In 1836 planned real estate development began in Frenchtown. The regular blocks north of Bridge Street, between the steep slope of Everittstown Hill and the river, with their right angles, service alleys and regular-shaped lots began to take form when Hugh Capner purchased a 181.68-acre tract from Paul Henri Mallet-Prevost and laid out the portion between 2nd Street and the north side of 4th Street for development. Capner built a house for himself on Harrison Street just south of 6th Street (torn down in the 1960s for the American Legion post at No. 510), and farmed the land between 6th and 12th streets.
A plat, probably drawn for Capner, of the lots in the southern portion of this parcel outlines the way the town developed from then on. Each lot had frontage on two sides, either on Harrison and a side street, or a side street and an alley. That gave each property a front and a back approach, dictating the placement of entries, porches, barns, workshops and privies. Those streets and alleys survive very much as Capner mapped them, although later subdivisions have created some Harrison Street lots with no access to a side street or a back alley.
The town had no church structures before Capner's development was laid out; three of the four denominations that have ever had buildings in Frenchtown were built between 2nd and 4th streets in the 1840s and '50s.
The residential development progressed rather slowly, probably due in part to the nationwide depression associated with the "Panic of 1837," but houses were built through the rest of the 1830s, the 1840s and 1850s. Many lots in the Capner plat were still vacant when Slater & Hudnut's larger and more ambitious plan was initiated thirty years later.
Samuel B. Hudnut and Gabriel Slater were hardware merchants and entrepreneurs who bought the undeveloped north portion of Hugh Capner's tract in 1866, laid out the streets between Fifth and Twelfth, and with the resulting development more than doubled Frenchtown's physical size. Not only did the developers lay out streets, alleys and building lots very similar to the ones Capner had drawn up, they also designed the streets and sidewalks, and their sales policies — conveying blocks of lots to sub-developers, some of whom were builders themselves — established a recognizable architectural character for the newly developed north end of town. It is thought that many of the houses were built by Elisha and Jeremiah Rittenhouse, who were probably contractor-builders rather than formally trained architects.
At about the time Slater & Hudnut began laying out their parcel, exciting rumors began: a major industry was coming to locate a factory at the foot of Sixth Street...the Belvidere-Delaware Railroad was going to build its machine shops in Frenchtown. The developers actually built rows of workers' housing on Seventh, Eighth and Twelfth streets, in anticipation of the employees the new industries would hire. Lots sold quickly at first, then, when neither factory nor machine shops materialized, a reaction set in and the development saw little growth from around 1870 until the mid-1880s. (By that time a factory had located on the reserved site.) While enthusiasm was still high, Slater & Hudnut pushed for the borough's incorporation, which took place in April, 1867, with Samuel Hudnut as the first mayor.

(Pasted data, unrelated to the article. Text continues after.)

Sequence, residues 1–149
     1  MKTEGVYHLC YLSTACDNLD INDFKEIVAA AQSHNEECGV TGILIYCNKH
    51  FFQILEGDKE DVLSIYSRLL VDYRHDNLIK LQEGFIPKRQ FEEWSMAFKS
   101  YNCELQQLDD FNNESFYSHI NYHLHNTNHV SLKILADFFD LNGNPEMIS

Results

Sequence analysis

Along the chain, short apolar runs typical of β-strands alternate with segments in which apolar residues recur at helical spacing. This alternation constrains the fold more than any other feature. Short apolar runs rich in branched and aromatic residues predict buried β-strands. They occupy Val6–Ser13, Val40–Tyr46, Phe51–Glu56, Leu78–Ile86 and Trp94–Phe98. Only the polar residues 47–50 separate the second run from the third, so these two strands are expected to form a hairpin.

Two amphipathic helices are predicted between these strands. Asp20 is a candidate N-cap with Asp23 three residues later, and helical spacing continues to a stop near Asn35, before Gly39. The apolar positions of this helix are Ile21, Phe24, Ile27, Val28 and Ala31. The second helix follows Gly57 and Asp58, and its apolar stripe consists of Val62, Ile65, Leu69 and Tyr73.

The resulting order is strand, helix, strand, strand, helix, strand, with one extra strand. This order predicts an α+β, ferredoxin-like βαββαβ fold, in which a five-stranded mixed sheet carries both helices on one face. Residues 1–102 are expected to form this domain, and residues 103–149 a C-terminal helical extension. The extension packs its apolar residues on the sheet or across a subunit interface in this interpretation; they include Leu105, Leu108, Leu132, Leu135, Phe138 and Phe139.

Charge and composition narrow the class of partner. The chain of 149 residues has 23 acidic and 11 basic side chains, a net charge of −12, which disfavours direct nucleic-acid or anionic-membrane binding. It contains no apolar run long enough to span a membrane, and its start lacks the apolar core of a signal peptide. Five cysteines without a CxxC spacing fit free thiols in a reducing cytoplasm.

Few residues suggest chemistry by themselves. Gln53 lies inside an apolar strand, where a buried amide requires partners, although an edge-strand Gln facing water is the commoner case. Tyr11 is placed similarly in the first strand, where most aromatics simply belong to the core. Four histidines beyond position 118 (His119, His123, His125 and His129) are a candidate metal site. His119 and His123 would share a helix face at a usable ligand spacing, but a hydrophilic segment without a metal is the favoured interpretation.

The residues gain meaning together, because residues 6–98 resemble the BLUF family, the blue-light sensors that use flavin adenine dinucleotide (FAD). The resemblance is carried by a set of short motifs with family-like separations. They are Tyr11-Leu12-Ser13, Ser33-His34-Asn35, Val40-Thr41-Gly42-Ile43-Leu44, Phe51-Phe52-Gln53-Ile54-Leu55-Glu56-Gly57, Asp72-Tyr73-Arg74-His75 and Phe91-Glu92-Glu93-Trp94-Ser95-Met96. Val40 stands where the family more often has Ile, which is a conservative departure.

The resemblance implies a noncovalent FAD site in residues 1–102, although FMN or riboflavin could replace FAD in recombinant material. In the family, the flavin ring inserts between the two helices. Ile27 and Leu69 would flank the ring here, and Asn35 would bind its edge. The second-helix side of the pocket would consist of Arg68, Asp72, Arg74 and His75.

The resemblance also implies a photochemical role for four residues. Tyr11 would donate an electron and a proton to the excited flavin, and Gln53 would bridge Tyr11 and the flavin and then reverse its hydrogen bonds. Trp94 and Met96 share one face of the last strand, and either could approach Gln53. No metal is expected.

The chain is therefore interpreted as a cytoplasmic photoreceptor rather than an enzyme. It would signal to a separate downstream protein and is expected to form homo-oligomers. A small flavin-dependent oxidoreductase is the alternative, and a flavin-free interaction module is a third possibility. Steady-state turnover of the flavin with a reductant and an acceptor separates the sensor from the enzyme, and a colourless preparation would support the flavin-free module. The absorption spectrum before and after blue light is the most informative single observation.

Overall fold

Slater & Hudnut intended their development to be a substantial and handsome addition to Frenchtown, a concern that is apparent in the dignified Italianate style of many of the original houses (no exuberant detail here, but a careful attention to massing and form that conveys a spirit of solid dignity). The developers clearly envisioned a boulevard-like Harrison Street, wide and tree-lined, and they reserved easements across each lot where the borough would pave streets, install slate sidewalks and plant trees. The borough did, in fact, lay slate sidewalks as its first project in 1867. Many of those sidewalks survive today.
The first wave of Slater & Hudnut houses was built very quickly, between 1867 and 1869. These houses bear a strong resemblance to one another, and may be the design of one or two supervising contractor-builders. Although this group of houses are distinct from the earlier structures built on the Capner plat, they are still Frenchtown houses, and they exhibit local characteristics apparent in buildings dating from the 1830s through the end of the century. These "Frenchtown characteristics" include: stuccoed stone foundations, clapboard siding with cornerboards (pilaster-treated on the more elaborate buildings), a penchant for the three-part front entry with transom and sidelights over wood panels, and slate roofs. Slater & Hudnut details include: central facade gables with a round-arched or pointed-top "pine-tree window;" T-shaped or five-bay, center-entry, floor plans. Cornices are extended, molded, boxed and returned at the gable fields, often with a fascia that skims the tops of the second-floor windows, but with one exception they are never bracketed. Windows often have stepped cornice lintels, and two-over-two sash was the usual choice, although six-over-six was sometimes selected. The more elaborate Slater & Hudnut houses nearly always have front porches, often with their chamfered square posts elaborately trimmed with scroll-sawn brackets, screens and other decorative details. (With this group of houses, the front porch made its first wholesale appearance on Frenchtown streets.) Kitchens were usually originally located in the sunniest corner of the basement, although most were moved upstairs early in this century, often to a back porch enclosed for the purpose. Front doors are heavy, most are single-leaved, and nearly all of them now have single glass panes in their upper halves (although it is believed that the glass panes were inserted around the turn of the century). Side doors are somewhat lighter in construction, and often have four glass panes over wood panels. These doors probably always had glass in their upper portions. The distinction between one contractor's work and another's is often a matter of the treatment of details, as construction techniques remain consistent, and house types are generally similar from one builder to another. Nevertheless, some houses exhibit unstepped cornice lintels, gable-field returns that extend a bit farther into the gable than the norm; there is even one house of the Slater & Hudnut boom period, within their parcel, that actually has paired cornice brackets (407 Harrison Street). By these subtle differences various builders' hands can be detected, an exercise possible only in developments like this one where many houses were built in a limited area within a very short period.